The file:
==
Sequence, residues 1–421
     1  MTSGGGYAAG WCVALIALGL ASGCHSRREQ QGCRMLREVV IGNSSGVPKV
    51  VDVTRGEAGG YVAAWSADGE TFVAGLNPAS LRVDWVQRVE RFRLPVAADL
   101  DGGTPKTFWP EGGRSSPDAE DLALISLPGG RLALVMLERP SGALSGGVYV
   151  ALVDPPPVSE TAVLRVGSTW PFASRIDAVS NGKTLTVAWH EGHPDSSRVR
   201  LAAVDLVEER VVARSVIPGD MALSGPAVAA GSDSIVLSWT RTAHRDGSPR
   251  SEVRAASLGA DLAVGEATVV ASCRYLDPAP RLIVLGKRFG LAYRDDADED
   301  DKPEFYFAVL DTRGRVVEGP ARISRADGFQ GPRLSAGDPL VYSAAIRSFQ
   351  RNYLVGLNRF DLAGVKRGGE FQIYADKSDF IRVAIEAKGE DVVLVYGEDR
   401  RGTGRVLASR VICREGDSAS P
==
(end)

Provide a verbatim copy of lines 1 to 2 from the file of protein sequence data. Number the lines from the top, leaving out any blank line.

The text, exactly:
Sequence, residues 1–421
     1  MTSGGGYAAG WCVALIALGL ASGCHSRREQ QGCRMLREVV IGNSSGVPKV